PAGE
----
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A multifaceted study of human papillomavirus and prostate carcinoma

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A multifaceted study of human papillomavirus and prostate carcinoma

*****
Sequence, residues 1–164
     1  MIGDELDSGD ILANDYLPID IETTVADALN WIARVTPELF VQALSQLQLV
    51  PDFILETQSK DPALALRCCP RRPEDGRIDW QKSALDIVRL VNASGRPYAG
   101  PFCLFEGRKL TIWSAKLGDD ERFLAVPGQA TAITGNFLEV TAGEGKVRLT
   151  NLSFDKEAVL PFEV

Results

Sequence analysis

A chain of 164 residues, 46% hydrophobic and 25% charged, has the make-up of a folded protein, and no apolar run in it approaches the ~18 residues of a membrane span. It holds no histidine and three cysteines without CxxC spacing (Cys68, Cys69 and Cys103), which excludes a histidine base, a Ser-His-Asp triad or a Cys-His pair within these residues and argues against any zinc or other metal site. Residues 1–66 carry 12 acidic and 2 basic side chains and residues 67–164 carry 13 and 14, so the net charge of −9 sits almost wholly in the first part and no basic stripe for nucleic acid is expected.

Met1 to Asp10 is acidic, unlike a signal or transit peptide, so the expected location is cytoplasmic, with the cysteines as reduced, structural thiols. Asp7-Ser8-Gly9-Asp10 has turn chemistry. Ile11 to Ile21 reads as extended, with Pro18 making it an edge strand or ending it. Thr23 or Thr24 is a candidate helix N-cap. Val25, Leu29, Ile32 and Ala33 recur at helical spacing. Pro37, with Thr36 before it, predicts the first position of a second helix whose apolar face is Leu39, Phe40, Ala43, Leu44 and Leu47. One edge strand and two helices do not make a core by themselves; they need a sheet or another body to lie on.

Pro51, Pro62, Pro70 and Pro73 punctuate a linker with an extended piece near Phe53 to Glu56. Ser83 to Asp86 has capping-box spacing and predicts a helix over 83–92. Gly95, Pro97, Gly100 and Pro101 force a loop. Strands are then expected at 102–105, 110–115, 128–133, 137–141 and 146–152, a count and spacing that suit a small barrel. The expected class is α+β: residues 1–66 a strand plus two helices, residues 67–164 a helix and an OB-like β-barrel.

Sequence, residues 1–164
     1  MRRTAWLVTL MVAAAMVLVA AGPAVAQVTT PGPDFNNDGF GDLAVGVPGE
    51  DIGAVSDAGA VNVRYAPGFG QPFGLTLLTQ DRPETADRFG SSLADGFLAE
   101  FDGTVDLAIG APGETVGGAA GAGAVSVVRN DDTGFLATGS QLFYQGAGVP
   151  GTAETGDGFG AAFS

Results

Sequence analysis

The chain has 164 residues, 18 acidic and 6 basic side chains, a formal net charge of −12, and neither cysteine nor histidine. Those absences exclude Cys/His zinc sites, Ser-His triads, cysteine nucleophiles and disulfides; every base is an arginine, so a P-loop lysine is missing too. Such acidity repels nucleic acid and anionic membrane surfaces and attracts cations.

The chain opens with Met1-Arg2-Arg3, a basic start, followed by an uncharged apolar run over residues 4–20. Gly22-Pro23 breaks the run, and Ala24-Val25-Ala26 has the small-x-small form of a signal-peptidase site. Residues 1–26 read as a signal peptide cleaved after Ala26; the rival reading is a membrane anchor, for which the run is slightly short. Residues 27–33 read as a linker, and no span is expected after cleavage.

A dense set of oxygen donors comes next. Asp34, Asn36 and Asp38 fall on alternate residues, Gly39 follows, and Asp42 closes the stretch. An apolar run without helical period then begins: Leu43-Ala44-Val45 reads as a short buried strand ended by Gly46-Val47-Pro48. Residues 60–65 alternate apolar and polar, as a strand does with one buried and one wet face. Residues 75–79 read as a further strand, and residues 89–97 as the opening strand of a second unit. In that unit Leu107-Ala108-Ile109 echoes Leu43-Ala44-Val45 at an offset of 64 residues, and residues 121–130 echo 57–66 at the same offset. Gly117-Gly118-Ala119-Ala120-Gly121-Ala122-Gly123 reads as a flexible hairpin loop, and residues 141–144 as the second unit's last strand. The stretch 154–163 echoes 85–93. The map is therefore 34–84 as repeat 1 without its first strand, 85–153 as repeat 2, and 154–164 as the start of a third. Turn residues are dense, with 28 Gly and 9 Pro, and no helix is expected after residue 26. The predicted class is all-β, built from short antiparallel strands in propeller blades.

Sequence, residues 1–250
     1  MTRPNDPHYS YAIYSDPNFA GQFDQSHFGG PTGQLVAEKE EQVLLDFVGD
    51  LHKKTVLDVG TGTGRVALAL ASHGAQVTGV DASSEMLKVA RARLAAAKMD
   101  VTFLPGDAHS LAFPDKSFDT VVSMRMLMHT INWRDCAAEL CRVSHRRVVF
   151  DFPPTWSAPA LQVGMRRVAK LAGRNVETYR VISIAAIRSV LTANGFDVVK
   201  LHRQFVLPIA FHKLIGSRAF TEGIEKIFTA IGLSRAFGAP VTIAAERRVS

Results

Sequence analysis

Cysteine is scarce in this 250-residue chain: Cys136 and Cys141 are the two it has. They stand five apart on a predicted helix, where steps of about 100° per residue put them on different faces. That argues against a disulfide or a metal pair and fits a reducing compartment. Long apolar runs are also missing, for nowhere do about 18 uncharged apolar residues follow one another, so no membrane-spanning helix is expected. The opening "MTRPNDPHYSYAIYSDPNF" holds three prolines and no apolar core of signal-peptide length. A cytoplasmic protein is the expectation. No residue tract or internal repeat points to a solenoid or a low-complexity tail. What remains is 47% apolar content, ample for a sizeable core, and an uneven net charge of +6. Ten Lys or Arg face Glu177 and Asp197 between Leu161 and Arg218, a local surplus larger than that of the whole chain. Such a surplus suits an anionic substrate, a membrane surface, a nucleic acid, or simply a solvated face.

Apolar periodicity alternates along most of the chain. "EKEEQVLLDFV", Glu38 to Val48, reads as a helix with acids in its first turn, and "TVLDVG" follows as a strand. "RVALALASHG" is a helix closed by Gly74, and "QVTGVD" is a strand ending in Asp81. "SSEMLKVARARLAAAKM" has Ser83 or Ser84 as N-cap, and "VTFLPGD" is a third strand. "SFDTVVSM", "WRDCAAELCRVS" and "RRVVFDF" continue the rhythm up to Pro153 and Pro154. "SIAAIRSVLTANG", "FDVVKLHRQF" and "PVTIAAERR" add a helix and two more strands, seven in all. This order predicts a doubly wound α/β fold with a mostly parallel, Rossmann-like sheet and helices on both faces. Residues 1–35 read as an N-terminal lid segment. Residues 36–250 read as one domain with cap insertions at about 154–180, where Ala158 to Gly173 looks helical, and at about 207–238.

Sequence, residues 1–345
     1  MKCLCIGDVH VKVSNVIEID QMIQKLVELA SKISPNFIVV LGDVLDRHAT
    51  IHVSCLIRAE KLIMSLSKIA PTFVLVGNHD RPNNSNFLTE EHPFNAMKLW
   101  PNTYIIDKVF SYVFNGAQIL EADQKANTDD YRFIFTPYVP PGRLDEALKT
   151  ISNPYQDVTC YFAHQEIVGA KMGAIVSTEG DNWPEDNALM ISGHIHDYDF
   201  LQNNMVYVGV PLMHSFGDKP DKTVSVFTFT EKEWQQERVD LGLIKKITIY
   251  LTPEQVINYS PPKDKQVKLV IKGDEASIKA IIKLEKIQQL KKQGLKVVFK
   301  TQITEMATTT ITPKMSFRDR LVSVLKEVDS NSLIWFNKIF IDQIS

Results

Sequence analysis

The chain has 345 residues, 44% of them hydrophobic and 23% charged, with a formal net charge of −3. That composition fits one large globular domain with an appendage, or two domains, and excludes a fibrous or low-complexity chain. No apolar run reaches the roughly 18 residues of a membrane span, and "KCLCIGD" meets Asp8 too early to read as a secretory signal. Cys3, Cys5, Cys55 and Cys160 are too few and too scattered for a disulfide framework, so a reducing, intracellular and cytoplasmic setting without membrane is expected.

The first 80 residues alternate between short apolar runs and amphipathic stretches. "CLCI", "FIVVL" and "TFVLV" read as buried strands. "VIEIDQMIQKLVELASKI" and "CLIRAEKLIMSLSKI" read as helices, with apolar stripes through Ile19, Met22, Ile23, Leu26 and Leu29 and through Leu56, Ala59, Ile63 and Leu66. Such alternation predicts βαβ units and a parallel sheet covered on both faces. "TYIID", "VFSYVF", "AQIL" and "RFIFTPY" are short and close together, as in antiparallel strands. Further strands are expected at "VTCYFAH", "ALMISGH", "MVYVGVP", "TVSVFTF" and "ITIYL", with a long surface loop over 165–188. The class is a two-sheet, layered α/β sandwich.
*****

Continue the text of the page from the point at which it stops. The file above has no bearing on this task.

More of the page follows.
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  1118 A Multifaceted Study of Human Papillomavirus andProstate Carcinoma BACKGROUND.  The presence of human papillomavirus (HPV) in the prostate and Howard D. Strickler,  M.D. 1 Robert Burk,  M.D. 2 its role in prostate carcinoma are in dispute. To address these issues, two labora-tories with extensive HPV experience were selected to test specimens from two Keerti Shah,  M.D. 3 Raphael Viscidi,  M.D. 3 populations at different risk for prostate carcinoma, using three different polymer-ase chain reaction (PCR) assays and two serologic assays for HPV. Aaron Jackson,  M.D. 4 Giancarlo Pizza,  M.D. 5 METHODS.  The cases were comprised of 51 African-American (men at high risk forprostate carcinoma) and 15 Italian (men at intermediate risk for prostate carci- Franco Bertoni,  M.D. 5 John T. Schiller,  M.D. 1 noma) men with prostate carcinoma. Controls were 108 African-American menand 40 Italian men with histologically proven benign prostate hypertrophy (BPH). Angela Manns,  M.D. 1 Robert Metcalf,  M.D. 6 Prostate tissue was obtained from each patient at surgery and immediately frozenin liquid nitrogen. The PCR primer sets included two (MY09/MY11 and GP5 / / Weimin Qu,  M.D. 2 James J. Goedert,  M.D. 1 GP6 / ) that amplify different regions of L1 and a third (WD66,67,154/WD72,76)targeted to E6. Sensitivity in the 2 L1 PCR assays was shown to be 1 HPV DNA  1 Viral Epidemiology Branch, National Cancer  genome per 100 cells. Serum antibodies to HPV-16 and HPV-11 virus-like particles Institute, NationalInstitutesofHealth,Bethesda,  (VLPs) were detected using enzyme-linked immunosorbent assays. Maryland. RESULTS.  All available prostate carcinoma tissue specimens (n Å 63) and BPH speci- 2 Cancer Research Center, Albert Einstein Col-  mens from selected controls (n  Å  61) were tested by PCR. Human  b -globin DNA  lege of Medicine, New York, New York.  could be amplified from all specimens except three carcinomas, but no HPV DNA  was detected in any case or control specimens by MY09/MY11 or E6 PCR. Microdis- 3 School of Hygiene and Public Health, JohnsHopkins University, Baltimore, Maryland.  section of 27 carcinoma specimens was conducted to minimize nontumor DNA,but results remained negative by MY09/MY11 and GP5 / /GP6 /  PCR. In addition, 4 Department of Urology, Howard University, serum specimens in cases (n  Å  63) and controls (n  Å  144) showed no differences Washington, DC. in their responses against HPV-16 ( P   Å  0.54) or HPV-11 VLPs ( P   Å  0.64). 5 Department of Urology, S. Orsola-Malpighi CONCLUSIONS.  The findings suggest that HPV is not associated with prostate carci- Hospital, Bologna, Italy. noma, and that HPV DNA is not at all common in the prostate glands of older men. 6 Food and Drug Administration, Bethesda, Cancer   1998;82:1118–25.    1998 American Cancer Society. Maryland. KEYWORDS: human papillomavirus, prostate carcinoma, benign prostate hypertro- Preliminary data presented as a poster at the 14th  phy, polymerase chain reaction, serology. International Papillomavirus Workshop, QuebecCity, Quebec, Canada, July 21–23, 1995. H uman papillomavirus (HPV), a sexually transmitted DNA viruslinked to the development of cervical carcinoma and other ano- Supported by the National Cancer Institute, Na-tional Institutes of Health, Bethesda, Maryland,  genital tumors, was detected in prostate tissues in several recent in- and by the Foundation Asclepios, Italy.  vestigations. 1–13 Prostate carcinoma (PCa) is the most common malig-nancyinAmericanmen. 14 Identificationofaninfectiousagentetiolog- The authors thank Marge Barnett, Karen Turk, Hil- ically linked to PCa would be an important discovery. It also is ary Kruger, Benjamin Harris, and Leslie Carol for important to know whether the prostate is a reservoir for HPV infec- their technical and analytic support of this project. tion, and therefore might play a role in the transmission of this virus Address for reprints: Howard Strickler, M.D., Viral  to sexual partners. Epidemiology Branch, NCI, NIH, 6130 Executive Hypotheses that environmental factors could play a role in PCa Blvd, EPN Rm 434, Rockville, MD 20852. tumsrcenesis have been prompted by increasing PCa incidence insome countries and the heterogeneous racial, religious, and regional Received April 14, 1997; revision received Au-gust 15, 1997; accepted September 24, 1997.  distributions of cases. 15–22 Furthermore, several reports, but not all,   1998 American Cancer Society  / 7bba$$0557 02-23-98 10:35:28 cana W: Cancer  HPV and Prostate Carcinoma/Strickler et al. 1119 have suggested that PCa specifically might be associ- cases had 3 appropriate controls available, however,and 40 individuals were selected as controls for theated with sexually-related exposures. 23–27 Indeed, anumber of laboratory studies in the past reported evi- current analysis.dence of viruses in prostate tissue, especially herpesviruses. 28–32 However, the latter observations have not  Clinical Methods  All patients underwent surgery for resection or had yetbeenconfirmedusingcurrentsensitiveDNAdetec-tion methods. 33 biopsy of the prostate. In the surgery suite, each pros-tate tissue specimen was sliced longitudinally in twoIn contrast, HPV DNA in the prostate has beendemonstratedbypolymerasechainreaction(PCR)and halves; one half of each specimen was placed immedi-ately in vapor-phase liquid nitrogen for DNA studiesother methods in recent studies (Table 1). 13 Several of these investigations showed a clear cancer association and the other half was placed in formaldehyde forhistology.Althoughthetwohalvesofeachtissuespeci- with HPV, but others reported that HPV was equally prevalent in benign prostate hypertrophy (BPH) and men were contiguous, it remained possible that tissueheterogeneity could lead some specimens to containeven in normal prostate tissue. Additional studiesdid not detect HPV in any prostate tissues. 33–35 few abnormal cells. Therefore, in a random subset of PCaspecimens thetissues weremicrodissected tosep-Complicating matters further, most investigations inthe prostate have been small, and have used varied aratetumorcells.Inbrief,tumorspecimenswereetha-nol fixed, paraffin embedded, and sectioned, generat-clinical and laboratory approaches. However, the de-tection of HPV in these studies cannot be ascribed ing a first and last section for hematoxylin and eosinstaining for determining the location of cancer cells,easily to particular methods of specimen collection,preservation, DNA testing, or patient populations. and four 50- m  thick sections from each tumor speci-men then were dissected under magnification using aTo assess whether HPV is associated with PCa, orat least can be detected in prostate specimens, we small blade. At Howard University, histologic tumor grade wasselected two laboratories with extensive HPV experi-ence to test specimens obtained from two distinct assessed by Gleason score, whereas Broder grade wasused in Italy. A single classification scheme was notpopulations at different risk of PCa using a multifac-eted laboratory approach. 36–38 Specifically, to mini- imposed because these data were used only for de-scriptive purposes and had no bearing on the findings.mize the chance of false-negative results due to theselection of laboratory methods, Laboratory (Lab) 1 All patients had blood samples drawn at entry into thestudy, separated within 2 hours into serum, plasma,used three different sensitive HPV DNA PCR assaystargeted to different conserved regions of the viral ge- and buffy coat, and immediately frozen. Blood speci-mens and frozen tissue sections were maintained atnome, and as a novel step, Lab 2 tested patients’ serafor antibodies (immunoglobulin G)to HPV capsid pro- or below   0 80   C until testing.teins, humoral immune responses that are associatedhighly with HPV-related cervical, anal, and vulvar car-  Laboratory MethodsHPV DNA Testing cinoma. 39–41 Finally, to minimize the possibility of missing an association due to patient characteristics, All samples were processed by Lab 1 in a BioSafety Cabinet in a laboratory physically separate from where we tested specimens from both African-Americanmen,who havethe highestPCa incidenceinthe world, the PCR amplification was performed. Frozen prostatetissue from all carcinoma cases (n  Å  63; 1 Howardand Italian men, an intermediate risk group. 22 University and 2 Malpighi Hospital cases had no testa-ble specimens available) were tested for the presence METHODS Subjects  of HPV DNA. A similar number of specimens fromcontrols(i.e.,patientswithBPH),individuallymatchedBetween 1991 and 1994, 51 African-American men with PCa and a comparison group of 108 patients with to cases by age (within 5 years) and hospital, wereidentified and also sent for HPV DNA testing (61 se-BPH (controls) were enrolled sequentially as they pre-sented at Howard University Hospital, Washington, lected controls had available specimens).To extract DNA, frozen prostate tissue specimensDC. During the same period, 15 Italian men with PCaand 104 controls with BPH similarly were enrolled as approximately 0.1 cm  1  0.2 cm in dimension werethawed, digested overnight in 500  m L of buffer (10 mMthey presented at Malpighi Hospital, Bologna, Italy. All subjects enrolled at Howard University were in- ethylenediamine tetraacetic acid, 100 mM Tris-CL,and 2% laureth 12 [pH 8.5]) containing 400  m g/mL of cluded in the current investigation. In contrast, in Italy subjectswithBPHwerefrequency-agematchedtoPCa proteinase K at 55   C, and inactivated the next day by heating specimens to 95   C for 10 minutes. Thecases, using 5-year age groups and a 3:1 ratio. Not all  / 7bba$$0557 02-23-98 10:35:28 cana W: Cancer  1120 CANCER March 15, 1998 / Volume 82 / Number 6 TABLE 1Summary of Studies Investigating HPV in the Prostate Subjects HPV typesReference HPV detection Collect (storage) No. Type HPV 6 16 18 X  McNicol and Dodd 1 Southern blot for HPV-16, Mostly TURP, also SPP 4 PCa cases 75%(1990) and -18 (frozen) 12 BPH controls 33%McNicol and Dodd 2 E6 PCR for HPV-16, -18 Mostly TURP, also SPP and 4 PCa cases 100% 4 3(1990) autopsy (frozen) 15 BPH controls 93% 145 normal autopsies 20% 1Masood et al. 34 (1991) ISH for HPV-6, 11, 16, 18, Biopsies/TURP (paraffin) 20 PCa cases None31, 33, and 35 20 BPH controls NoneMcNicol and Dodd 3 E6 PCR for HPV-16, 18 TURP/SPP (frozen) 27 PCa cases 52% 14 1(1991) 56 BPH controls 63% 34 3 Anwar et al. 4 (1992) E6 PCR for HPV-16, 18, TURP/SPP and autopsy 68 PCa cases 41% 11 17 5and 33 (paraffin) 10 BPH controls None10 normal autopsies NoneRotola et al. 5 (1992) E6 PCR for HPV-6/11, and Collection NS (frozen) 8 PCa cases NS 4 616 17 BUK lesions NS 14 1162 NS 18 27Effert et al. 35 (1992) ‘‘Differential’’ E6 PCR for Collection NS (frozen) 30 PCa cases None 2 2HPV-16, and 18 8 Cervical carcinoma 38%Serfling et al. 33 (1992) L1 Consensus Primer Collection NS (frozen) 30 PCa and BPH subjects NonePCR NoneIbrahim et al. 6 (1992) L1 PCR and ISH Biopsies/TURP/SPP 40 PCa cases 15% 6(paraffin and frozen) 12 BPH controls None 217 Normal 12%Sarkar et al. 7 (1993) E6/E7 PCR for HPV-6/11, Surgical not TURP 23 PCa and PIN cases 13% 316, and 18; also (paraffin-Southern blot microdissection)Dodd et al. 8 (1993) Reverse transcription Collection NS (frozen)PCR for E6/E7 7 PCa cases 43% 3mRNA of HPV-16 10 BPH controls 50% 5Tu et al. 9 (1994) L1 consensus primer Surgical not TURP 43 PCa cases 2% 1(tumors-paraffinmetastases-frozen)PCR 17 metastases 6 11 normal NoneMoyret-Lalle et al. 10 E6 PCR for HPV-16, and - Collection NS (frozen) 17 PCa cases 53% 9(1995) 18 22 BPH controls 32% 7 Wideroff et al. 11 (1996) L1 consensus primer TURP and SPP (paraffin) 56 PCa cases L1 13%PCR, and E6 PCR for E6 0%HPV-6, 11, 16, 18, 31, 42 BPH controls L1 10%33, and 45 E6 0%Suzuki et al. 12 (1996) L1 consensus primer Surgery or autopsy 51 PCa cases 16%PCR HPV: human papillomavirus; TURP: transurethral resection of the prostate; SPP: suprapubic resection of the prostate; PCa: prostate carcinoma; BPH: benign prostate hypertrophy; PCR: polymerase chain reaction;ISH: in situ hybridization; NS: not specified; BUK: bladder, ureters, kidneys, and urethra; PIN: prostatic intraepithelial neoplasia.  / 7bba$$0557 02-23-98 10:35:28 cana W: Cancer  HPV and Prostate Carcinoma/Strickler et al. 1121 adequacy of the DNA in each specimen for PCR ampli- and a cellular DNA positive/HPV DNA negative speci-men (cell line Huh7) tested in every amplification. Allfication was determined by detection of a 268-basepair (bp) fragment of the  b -globin gene after amplifi- negative controls tested negative in all experiments.HPV DNA positive controls were comprised of a 200-cation using the GH20/PC04 primer set. To detect HPV DNA, three different PCR-based assays were used, as cell aliquot of the SiHa cell line that contains 1-2 cop-iespercellofintegratedHPV-16andaprevioussamplefollows: 1) MY09/MY11, which amplifies a highly con-served 450-bp region from the L1 open reading frame known to contain HPV-31. 47 Each amplification hadthese two positive controls, and they tested positive(ORF) of most mucosotropic HPV types (amplicons were detected by Southern blot hybridization with a in all experiments. The sensitivity of the MY09/MY11and GP5 / /GP6 /  PCR systems was evaluated furtherradiolabeled ‘‘generic probe’’ as described) 36,37 ; 2)GP5 / /GP6 / , which amplifies a 150-bp region within by serially diluting SiHa cells. MY09/MY11 and GP5 / /GP6 /  were able to detect HPV-16 DNA in 20–50 andthe L1 ORF of most mucosotropic HPV types (ampli-cons were detected using the same ‘‘generic probe’’ in10–20SiHacells,respectively(datanotshown).Thissuggests that the PCR assays had sufficient sensitivity described for the MY09/MY11 PCR) 42,43 ; and 3) WD66,67,154/WD72,76, which amplifies a 240-bp re- to detect 1 HPV DNA copy per 100 prostate cells; be-causeeachtestsamplecontained50–100ngofcellulargion in the E6 ORF from the HPV types most com-monly associated with cervical carcinoma (amplicons DNA, the equivalent of approximately 10 4 cells. were detected by Southern blot hybridization with ra-diolabeled whole genome probes of HPV-11, 16, 18,  Serology In Lab 2, HPV-16 and HPV-11 virus-like particles51, and 61, as described). 44,45 For MY and E6 PCR, assays were run as follows. (VLPs) were prepared from sf9 insect cells infected with a recombinant baculovirus expressing the L1 andTo10 m Lofthe digestedspecimens 90 m Lof PCRbuffer was added, yielding a final concentration of 10 mM L2viralcapsidproteinspurifiedbythemethodofKirn-bauer et al. 48 The purified VLP preparations then wereTris-HCl, 50 mM KCl, 4.0 mM MgCl2, 200 mM of eachdNTP, and 2.5 units of Taq polymerase, as well as used to coat the wells of a 96-well polystyrene microti-ter plate (Corning-Costar, Cambridge, MA) at a totalprimers. The concentration of primers in MY PCR was50 pmol each (in E6 PCR) and was 10 pmol WD72, 40 protein concentration of 10  m g/mL and a volume of 50  m L in phosphate-buffered saline (PBS) [pH 7.4] andpmol WD76, 10 pmol WD66, 40 pmol WD67, and 10pmol WD154 as described. 44 Thirty-five cycles of am- held overnight at 4   C. Control wells were coated withPBS. After washing the plate 5 times with PBS-0.05%plification were conducted (20 seconds at 94   C fordenaturing, 30 seconds at 55   C for annealing, and 30 Tween 20 (PBS-T), 50  m L of test serum diluted 1:10 inPBS-0.5% nonfat milk was added to each of 2 antigenseconds at 72   C for extension, with a final extensionof 5 minutes) using a Perkin-Elmer 9600 thermocycler and control wells. The plate was incubated for 2 hoursat 37   C, then washed 5 times with PBS-T. VLP-reactive(Perkin-Elmer, Oak Brook, IL). GP5 / /GP6 /  PCR wasconducted as previously described. 36,42 The products antibodiesweredetectedwithhorseradishperoxidase-conjugated recombinant Protein G (Zymed Labora-of amplifications were denatured, 10  m L of each prod-uct was drawn onto nylon membranes, immobilized tories, San Francisco, CA) diluted 1:20,000 in PBS-Tafter 30 minutes incubation with the conjugate, fol-by heating at 80   C for 1 hour under vacuum, andhybridized with the described radiolabeled probes. lowed by 30 minutes incubation with freshly prepared ABTS and hydrogen peroxide solution (Kirkegaard andTo determine whether HPV DNA could be de-tected in specimens in which tumor cell DNA was pre- Perry, Gaithersburg, MD). Optic density (OD) was readin a dual wavelength microtiter plate reader (Molecu-dominant, paraffin embedded carcinoma specimens were microdissected in a random subset of cases (n lar Devices Corp., Menlo Park, CA) at 405 nanometers(nm) with a reference wavelength of 490 nm. Seroposi- Å 27), as described earlier. These microdissected sam-ples were pretreated with 1 mL of octane for 5 minutes tivity in the HPV enzyme-linked immunosorbentassays (ELISA) were determined using previously de-to remove paraffin. The octane then was removed andthe pellets were washed twice using 500  m L of ethanol termined OD cutoff values. Human serum samplespreviously found to be reactive in the HPV-16 andand dried. DNA testing was performed using MY09/MY11 PCR as well as the GP5 / /GP6 / system, because HPV-11 ELISAs and a mouse monoclonal antibody di-rected against conformational epitopes on intact HPV-this system amplifies a small HPV DNA fragment andis preferable in samples extracted from paraffin. 46 16virions(giftofShin-jeGhim,GeorgetownUniversity School of Medicine, Washington, DC) were used asPositive and negative controls were run with eachamplification. Negative controls included a water positive controls. The negative control was PBS-0.5%nonfat dry milk, the diluent for serum samples.specimen placed every 20thsample during processing,  / 7bba$$0557 02-23-98 10:35:28 cana W: Cancer  1122 CANCER March 15, 1998 / Volume 82 / Number 6 TABLE 2  through Howard University were African-American Characteristics of Patients and all patients enrolled through Malpighi Hospital were white and Italian. The age distributions were Howard University Malpighi Hospital  fairly similar in all patient groups. Indeed, Italian cases (U.S.) (Italy) and controls had the same mean age ( P  Å 0.56), con-sistent with the use of frequency age-matching. How- BPH  N  Å  108 N  Å  40 ever, among African-Americans, the difference in  Age (yrs) mean (median) 67 (69) 67 (66) mean age between cases and controls (5 years) was Race African-American 100% 0%  statistically significant ( P  õ 0.01). Transurethral resec-  White 0% 100% tion of the prostate was the most common method Surgery  a through which prostate tissue samples were obtained TURP 83% 82% in cases and controls in both national-racial groups. Surgical b 17% 18% Carcinoma   N  Å  51 N  Å  15 HPV DNA  Age (yrs) mean (median) 72 (73) 67 (64) PCR was conducted on frozen prostate tissue from 63 Race PCa cases (49 African-Americans and 14 Italians), and  African-American 100% 0% White 0% 100%  on specimens from 61 age-matched and race/nation- Surgery  ality-matched BPH controls (48 African-Americans TURP 80% 75% and 13 Italians). Only three patients’ specimens were Surgical b 20% 25% b -globin negative (three African-American PCa cases). Grade c However, no HPV DNA was detected in any frozen Low (Gleason 1–3 orBroder 1) 20% 0%  prostate tissue specimens using MY09/MY11 or E6 Moderate (Gleason 4–6 or PCR. Likewise, all 27 tumor DNA-enriched specimens Broder 2) 42% 20% obtained after microdissection tested positive for  b - High (Gleason 7 /  or globin amplification, but none were positive for HPV  Broder 3 / ) 38% 80% DNA using either MY09/MY11 or GP5 / /GP6 /  PCR BPH: benign prostate hypertrophy; TURP: transurethral resection of the prostate.  (Table 3). a Data regarding surgical procedures was not available from one Italian and four African-Americancontrols, and seven African-American cases. HPV Serology b Open resection or biopsy. Figure 1 shows serologic results for cases (n Å 63) and c Tumor grade was not available from six African-American cases. Tumor grade was determined by  controls (n  Å  144) in the HPV-16 VLP ELISA (speci- Gleason score in the U.S. and by Broder’s grade in Italy. mens were not available from 2 cases and 4 controlsamongAfrican-Americans,and1Italiancase).Thedis-tribution of these OD values in the assay essentially  Statistical Methods  were identical regardless of case–control status. ThatIn exploratory data analysis, categoric data were sum-is, cases and controls had similar geometric mean ( P  marized in contingency tables and analyzed by the Å  0.54) and median values, as well as similar inter-chi-square or Fisher’s exact tests. Continuous dataquartile ranges and a similar frequency of zero values.(e.g., antibody responses and age) first were examinedBased on the predetermined serum cutoff value, HPV-for normality, and appropriate transformations were16 seroprevalence was similar ( P   Å  0.44) in casesmade of the data prior to any statistical tests. Antibody (1.6%) and controls (4.9%). Likewise, HPV-11 VLP anti-responses were determined by subtracting back-body responses were not related to case–control sta-ground mean ELISA values (i.e., the OD of each serumtus. Cases and controls again had similar geometricsample in the wells without viral antigen) from themean ( P   Å  0.64) and median values, similar inter-mean OD values of each sample in wells with viralquartile ranges, a similar frequency of zero values, andantigen. To normalize their distribution, antibody re-similar seroprevalence (data not shown). There wassponses were log-transformed, and the log-trans-no correlation of antibody responses with age, andformed values were comparedbetween cases and con-stratification of the analyses by race/nationality hadtrols using the student’s  t   test. These analyses thenno effect on the findings. were stratified to control for race and nationality. RESULTS DISCUSSION  We tested PCa cases and patients with BPH for evi- Subjects Patient characteristics are shown in Table 2. Consis- dence of HPV infection to assess whether HPV mightplay a role in the development of PCa and whethertent with the study design, all patients enrolled  / 7bba$$0557 02-23-98 10:35:28 cana W: Cancer